U.S. Supreme Court

Law Prof: Some Campaign Finance Laws in 'Grave Danger'

The future of some campaign finance laws may be at risk under a U.S. Supreme Court ruling yesterday striking down the so-called “Millionaire’s Amendment,” according to a law professor who is an expert on the subject.

The 5-4 ruling in Davis v. Federal Election Commission struck down a law that permits candidates to accept larger campaign contributions when self-financed opponents spend more than $350,000 of their own money. The law is intended to level the playing field, but the court said it violated the First Amendment rights of candidates who choose to spend their own money and see the the effectiveness of their speech diminished.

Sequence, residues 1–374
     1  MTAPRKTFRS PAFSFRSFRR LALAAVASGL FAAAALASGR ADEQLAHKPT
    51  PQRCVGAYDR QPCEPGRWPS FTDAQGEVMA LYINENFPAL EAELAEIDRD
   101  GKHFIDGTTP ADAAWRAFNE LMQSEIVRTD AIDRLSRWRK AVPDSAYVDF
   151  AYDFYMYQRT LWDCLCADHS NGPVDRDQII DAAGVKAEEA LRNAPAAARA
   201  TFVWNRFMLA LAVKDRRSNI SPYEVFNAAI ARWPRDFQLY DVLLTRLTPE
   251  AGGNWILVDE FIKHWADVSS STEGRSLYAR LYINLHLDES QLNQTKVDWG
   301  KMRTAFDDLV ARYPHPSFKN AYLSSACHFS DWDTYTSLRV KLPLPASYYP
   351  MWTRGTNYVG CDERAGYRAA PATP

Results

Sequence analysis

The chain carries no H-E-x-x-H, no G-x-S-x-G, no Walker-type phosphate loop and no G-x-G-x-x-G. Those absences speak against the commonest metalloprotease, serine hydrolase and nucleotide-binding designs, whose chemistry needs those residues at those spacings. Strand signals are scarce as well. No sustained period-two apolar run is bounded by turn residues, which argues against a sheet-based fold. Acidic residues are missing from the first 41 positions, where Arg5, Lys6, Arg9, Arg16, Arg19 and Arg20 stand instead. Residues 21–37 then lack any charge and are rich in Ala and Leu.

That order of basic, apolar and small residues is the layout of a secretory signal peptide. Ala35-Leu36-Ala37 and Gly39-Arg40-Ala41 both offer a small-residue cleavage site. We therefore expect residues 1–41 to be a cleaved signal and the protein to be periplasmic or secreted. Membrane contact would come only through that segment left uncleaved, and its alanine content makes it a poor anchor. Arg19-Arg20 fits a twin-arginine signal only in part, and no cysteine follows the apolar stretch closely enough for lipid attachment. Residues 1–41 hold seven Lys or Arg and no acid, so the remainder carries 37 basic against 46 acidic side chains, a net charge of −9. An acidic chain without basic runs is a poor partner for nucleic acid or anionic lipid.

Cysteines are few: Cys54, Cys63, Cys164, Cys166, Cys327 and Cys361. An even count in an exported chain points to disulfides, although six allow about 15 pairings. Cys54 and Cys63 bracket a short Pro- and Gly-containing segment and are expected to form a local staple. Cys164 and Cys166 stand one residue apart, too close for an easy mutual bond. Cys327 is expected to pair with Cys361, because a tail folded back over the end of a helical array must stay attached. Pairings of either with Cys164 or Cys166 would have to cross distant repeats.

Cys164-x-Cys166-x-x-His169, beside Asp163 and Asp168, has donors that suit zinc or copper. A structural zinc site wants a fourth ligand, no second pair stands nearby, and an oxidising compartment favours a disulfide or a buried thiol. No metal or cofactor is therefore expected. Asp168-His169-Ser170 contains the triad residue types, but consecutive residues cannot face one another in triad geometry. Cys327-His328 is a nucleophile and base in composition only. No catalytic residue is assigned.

Loyola law professor Rick Hasen told the New York Times the decision is “a signal of what is to come. What could easily fall following this case are the long-standing limits on corporate and union spending in federal elections.”

In an interview with the Washington Post, Hasen said corporate and union spending limits “are in grave danger.” He told the New York Sun that the justification for those laws is also based on the idea of political equality. “I think the writing is on the wall,” he said.

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